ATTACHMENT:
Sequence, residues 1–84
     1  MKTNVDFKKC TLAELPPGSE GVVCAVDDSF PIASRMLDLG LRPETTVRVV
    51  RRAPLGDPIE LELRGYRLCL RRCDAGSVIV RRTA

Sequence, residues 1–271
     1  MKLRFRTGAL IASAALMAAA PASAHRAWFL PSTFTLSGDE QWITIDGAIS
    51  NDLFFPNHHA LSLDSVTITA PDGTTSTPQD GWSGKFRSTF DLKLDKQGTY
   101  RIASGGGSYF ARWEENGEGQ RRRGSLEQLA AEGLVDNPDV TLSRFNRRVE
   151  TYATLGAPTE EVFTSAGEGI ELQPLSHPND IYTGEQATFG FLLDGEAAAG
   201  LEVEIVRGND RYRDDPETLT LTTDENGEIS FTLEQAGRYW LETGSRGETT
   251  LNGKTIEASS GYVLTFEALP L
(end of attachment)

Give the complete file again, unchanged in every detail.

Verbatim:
Sequence, residues 1–84
     1  MKTNVDFKKC TLAELPPGSE GVVCAVDDSF PIASRMLDLG LRPETTVRVV
    51  RRAPLGDPIE LELRGYRLCL RRCDAGSVIV RRTA

Sequence, residues 1–271
     1  MKLRFRTGAL IASAALMAAA PASAHRAWFL PSTFTLSGDE QWITIDGAIS
    51  NDLFFPNHHA LSLDSVTITA PDGTTSTPQD GWSGKFRSTF DLKLDKQGTY
   101  RIASGGGSYF ARWEENGEGQ RRRGSLEQLA AEGLVDNPDV TLSRFNRRVE
   151  TYATLGAPTE EVFTSAGEGI ELQPLSHPND IYTGEQATFG FLLDGEAAAG
   201  LEVEIVRGND RYRDDPETLT LTTDENGEIS FTLEQAGRYW LETGSRGETT
   251  LNGKTIEASS GYVLTFEALP L